Netflix’s series Sweet Tooth, based on the popular DC Comics/Vertigo comic book by creator Jeff Lemire and produced by Susan and Robert Downey, Jr.’s company Team Downey, debuted in 2021 to widespread acclaim, both from viewers and critics. Sweet Tooth features a timely tale of a populace contending with a worldwide pandemic known as “The Sick.” While neither the comic nor the series originated during the days of the COVID-19 pandemic, its themes echo throughout the show.
As a result of The Sick, much of the world’s people were decimated, while some children were born as human/animal hybrids, resulting in prejudice and panic. One of those hybrids is Gus, a nine-year-old human/deer hybrid who finds himself partnered with Tommy Jepperd, who Gus refers to as “Big Man,” who, in turn, calls Gus “Sweet Tooth.” After Gus’ father passed away, Gus and Jepperd find themselves paired together as Gus looks for his mother, a road that will take them on a journey filled with action, danger, and self-discovery.
Ahead of the premiere of Sweet Tooth season 2, I had the opportunity to speak with Team Downey Vice President and Sweet Tooth producer Evan Moore about the process of bringing the series to life, how shooting the show in New Zealand helped inform the tone that the production team was aiming for, the relationships between characters we can expect to this season, and how Sweet Tooth is about hope.
FreakSugar: Sweet Tooth is a wonderful comic. What was the process like of you and Team Downey making the series a reality?
Evan Moore: It was quite the journey. It was something we read and all really sparked to. It was at a time where we were trying to get into TV more. We all felt that the emotional storytelling in Jeff Lemire’s comics was so incredible. We had heard through the grapevine that [series showrunner and executive producer] Jim Mickle had always been a fan of it and had originally thought of it as a feature at one point. We met with him and he was interested. To make a long story short, he ultimately decided to craft a really compelling pitch for it which we thought was wonderful and inspired. I think the most important thing was that we all saw the same show at the end of the day.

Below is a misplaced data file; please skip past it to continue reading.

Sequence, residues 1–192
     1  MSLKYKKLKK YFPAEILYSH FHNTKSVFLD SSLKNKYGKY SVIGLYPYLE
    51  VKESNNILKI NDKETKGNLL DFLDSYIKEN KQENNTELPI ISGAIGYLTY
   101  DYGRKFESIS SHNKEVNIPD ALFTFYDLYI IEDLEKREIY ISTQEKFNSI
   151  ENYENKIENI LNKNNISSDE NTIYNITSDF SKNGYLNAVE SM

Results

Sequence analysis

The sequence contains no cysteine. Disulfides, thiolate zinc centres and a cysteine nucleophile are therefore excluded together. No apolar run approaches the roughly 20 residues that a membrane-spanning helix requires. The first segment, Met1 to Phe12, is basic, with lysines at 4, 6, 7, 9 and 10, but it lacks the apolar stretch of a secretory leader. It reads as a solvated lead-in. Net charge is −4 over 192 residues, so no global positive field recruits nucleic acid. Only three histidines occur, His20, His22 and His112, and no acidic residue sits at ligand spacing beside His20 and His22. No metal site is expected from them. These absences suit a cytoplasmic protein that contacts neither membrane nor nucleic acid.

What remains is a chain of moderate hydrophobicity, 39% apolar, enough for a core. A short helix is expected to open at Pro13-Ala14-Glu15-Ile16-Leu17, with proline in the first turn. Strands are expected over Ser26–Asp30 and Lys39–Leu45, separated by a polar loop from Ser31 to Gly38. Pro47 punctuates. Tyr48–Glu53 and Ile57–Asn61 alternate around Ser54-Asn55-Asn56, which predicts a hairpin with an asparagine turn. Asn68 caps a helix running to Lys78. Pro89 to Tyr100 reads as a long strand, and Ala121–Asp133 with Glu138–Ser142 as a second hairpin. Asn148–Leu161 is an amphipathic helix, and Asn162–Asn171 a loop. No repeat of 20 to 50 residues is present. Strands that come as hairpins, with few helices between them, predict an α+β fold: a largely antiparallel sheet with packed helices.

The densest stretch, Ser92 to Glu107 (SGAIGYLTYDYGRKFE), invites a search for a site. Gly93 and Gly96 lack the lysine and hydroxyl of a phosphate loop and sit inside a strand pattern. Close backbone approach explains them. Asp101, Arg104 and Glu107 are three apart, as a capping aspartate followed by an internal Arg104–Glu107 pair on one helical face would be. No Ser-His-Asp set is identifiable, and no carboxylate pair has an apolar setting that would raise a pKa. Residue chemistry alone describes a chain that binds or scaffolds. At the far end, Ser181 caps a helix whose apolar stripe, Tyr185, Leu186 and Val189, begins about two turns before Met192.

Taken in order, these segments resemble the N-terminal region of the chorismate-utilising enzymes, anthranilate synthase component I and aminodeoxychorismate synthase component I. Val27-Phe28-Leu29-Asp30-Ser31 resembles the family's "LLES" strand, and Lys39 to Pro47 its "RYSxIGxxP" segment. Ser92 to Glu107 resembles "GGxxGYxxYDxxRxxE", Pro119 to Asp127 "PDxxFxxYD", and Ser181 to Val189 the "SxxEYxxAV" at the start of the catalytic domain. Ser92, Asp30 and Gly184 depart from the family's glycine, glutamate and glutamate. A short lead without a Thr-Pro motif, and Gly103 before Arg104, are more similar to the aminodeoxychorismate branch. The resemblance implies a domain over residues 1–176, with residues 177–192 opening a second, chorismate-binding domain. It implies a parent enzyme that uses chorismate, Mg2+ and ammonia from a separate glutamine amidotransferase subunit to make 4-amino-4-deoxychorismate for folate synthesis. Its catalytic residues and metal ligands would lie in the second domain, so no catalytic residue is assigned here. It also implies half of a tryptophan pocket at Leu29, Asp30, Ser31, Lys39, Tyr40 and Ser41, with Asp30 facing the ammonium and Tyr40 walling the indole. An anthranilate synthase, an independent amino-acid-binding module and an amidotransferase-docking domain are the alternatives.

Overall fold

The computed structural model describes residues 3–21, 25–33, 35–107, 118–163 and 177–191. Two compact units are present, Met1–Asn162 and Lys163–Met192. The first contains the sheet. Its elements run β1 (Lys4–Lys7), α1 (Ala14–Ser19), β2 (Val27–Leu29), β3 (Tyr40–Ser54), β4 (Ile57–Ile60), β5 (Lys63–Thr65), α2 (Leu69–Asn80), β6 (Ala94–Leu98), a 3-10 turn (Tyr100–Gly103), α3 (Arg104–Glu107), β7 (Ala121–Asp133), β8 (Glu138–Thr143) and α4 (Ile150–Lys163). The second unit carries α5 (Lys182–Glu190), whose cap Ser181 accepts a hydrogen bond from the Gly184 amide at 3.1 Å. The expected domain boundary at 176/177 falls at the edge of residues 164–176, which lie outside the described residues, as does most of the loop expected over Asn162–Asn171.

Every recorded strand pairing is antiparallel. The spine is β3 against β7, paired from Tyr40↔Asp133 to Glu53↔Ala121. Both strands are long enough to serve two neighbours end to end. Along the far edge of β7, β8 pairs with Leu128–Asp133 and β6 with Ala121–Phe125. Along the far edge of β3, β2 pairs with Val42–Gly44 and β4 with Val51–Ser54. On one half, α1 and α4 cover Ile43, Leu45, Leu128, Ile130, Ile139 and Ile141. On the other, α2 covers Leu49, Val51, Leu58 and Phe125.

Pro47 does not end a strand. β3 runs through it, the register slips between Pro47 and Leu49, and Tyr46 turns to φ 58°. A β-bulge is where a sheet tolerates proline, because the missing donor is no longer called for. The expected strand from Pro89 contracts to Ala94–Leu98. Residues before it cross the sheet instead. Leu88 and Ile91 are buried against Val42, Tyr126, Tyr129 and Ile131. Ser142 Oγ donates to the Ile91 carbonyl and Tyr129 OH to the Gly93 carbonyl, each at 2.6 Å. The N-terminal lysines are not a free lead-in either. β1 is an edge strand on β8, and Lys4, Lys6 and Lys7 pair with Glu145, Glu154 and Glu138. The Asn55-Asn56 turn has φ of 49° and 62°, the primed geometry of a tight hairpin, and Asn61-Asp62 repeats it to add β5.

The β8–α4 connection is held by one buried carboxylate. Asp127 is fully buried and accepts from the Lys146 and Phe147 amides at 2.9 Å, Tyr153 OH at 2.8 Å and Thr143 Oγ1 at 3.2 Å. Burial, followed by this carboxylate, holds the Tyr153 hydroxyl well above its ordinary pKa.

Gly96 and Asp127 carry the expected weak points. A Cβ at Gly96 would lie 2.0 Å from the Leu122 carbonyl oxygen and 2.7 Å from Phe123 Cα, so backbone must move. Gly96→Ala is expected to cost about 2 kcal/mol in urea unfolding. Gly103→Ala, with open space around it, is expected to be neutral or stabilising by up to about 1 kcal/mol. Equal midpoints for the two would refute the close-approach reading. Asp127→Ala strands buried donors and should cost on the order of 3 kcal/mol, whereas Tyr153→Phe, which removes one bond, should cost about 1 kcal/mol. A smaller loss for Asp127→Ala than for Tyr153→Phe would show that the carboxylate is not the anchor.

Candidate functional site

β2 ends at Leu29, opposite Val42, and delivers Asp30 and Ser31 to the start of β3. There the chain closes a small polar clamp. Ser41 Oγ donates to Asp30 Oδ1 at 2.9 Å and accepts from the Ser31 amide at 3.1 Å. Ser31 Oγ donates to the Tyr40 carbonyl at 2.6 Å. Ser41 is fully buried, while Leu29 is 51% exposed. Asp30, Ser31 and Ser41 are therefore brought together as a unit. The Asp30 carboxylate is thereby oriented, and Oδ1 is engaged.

When we talked about turning it into a TV show, it was amidst The Walking Dead and The Leftovers, all great shows in their own right. But we saw an opportunity to focus a show though Gus’ lens and really do something that felt more hopeful and optimistic and show the beauty of life. And we wanted lush colors and exist in nature, with nature reclaiming the world and a celebration of that.
So we were fortunate enough to originally set it up at Hulu, but they, unfortunately, couldn’t move forward with it after we shot the pilot in 2019 in New Zealand. I think they had just been bought by Disney. But we were able to find a new home at Netflix, who completely got the show and saw our aspirations for it. At that point, we were off to the races. We then shot the rest of the season—in the midst of COVID, actually, in 2020, which was very surreal. It was strange. What’s funny is how timely it became. So many things that just felt like such a fantasy world or a dream world became a reality to the point, leading up to the release of season 1, we were worried that there might be a bit of COVID and pandemic fatigue. Luckily, the much more hopeful tone of everything took everyone by surprise and was welcomed with open arms. That was very heartening to see. Once that came out, we were lucky enough to get a season 2 and it was a pleasure to return to that world and get back down to New Zealand and work with the amazing team down there again.